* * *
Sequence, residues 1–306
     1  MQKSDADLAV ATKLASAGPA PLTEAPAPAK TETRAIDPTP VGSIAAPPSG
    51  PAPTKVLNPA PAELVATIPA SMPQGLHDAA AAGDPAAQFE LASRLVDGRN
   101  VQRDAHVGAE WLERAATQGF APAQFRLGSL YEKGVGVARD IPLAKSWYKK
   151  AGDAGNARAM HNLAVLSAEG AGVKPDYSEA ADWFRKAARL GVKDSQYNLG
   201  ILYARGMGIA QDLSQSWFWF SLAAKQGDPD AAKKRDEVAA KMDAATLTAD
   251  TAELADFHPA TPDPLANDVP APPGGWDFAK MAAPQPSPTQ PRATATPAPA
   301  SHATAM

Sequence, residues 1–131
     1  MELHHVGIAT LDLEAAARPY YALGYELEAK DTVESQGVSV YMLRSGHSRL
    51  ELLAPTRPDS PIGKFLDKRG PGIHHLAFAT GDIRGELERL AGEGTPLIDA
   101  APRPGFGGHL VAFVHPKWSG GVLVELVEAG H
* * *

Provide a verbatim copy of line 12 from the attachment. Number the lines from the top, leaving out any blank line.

   101  APRPGFGGHL VAFVHPKWSG GVLVELVEAG H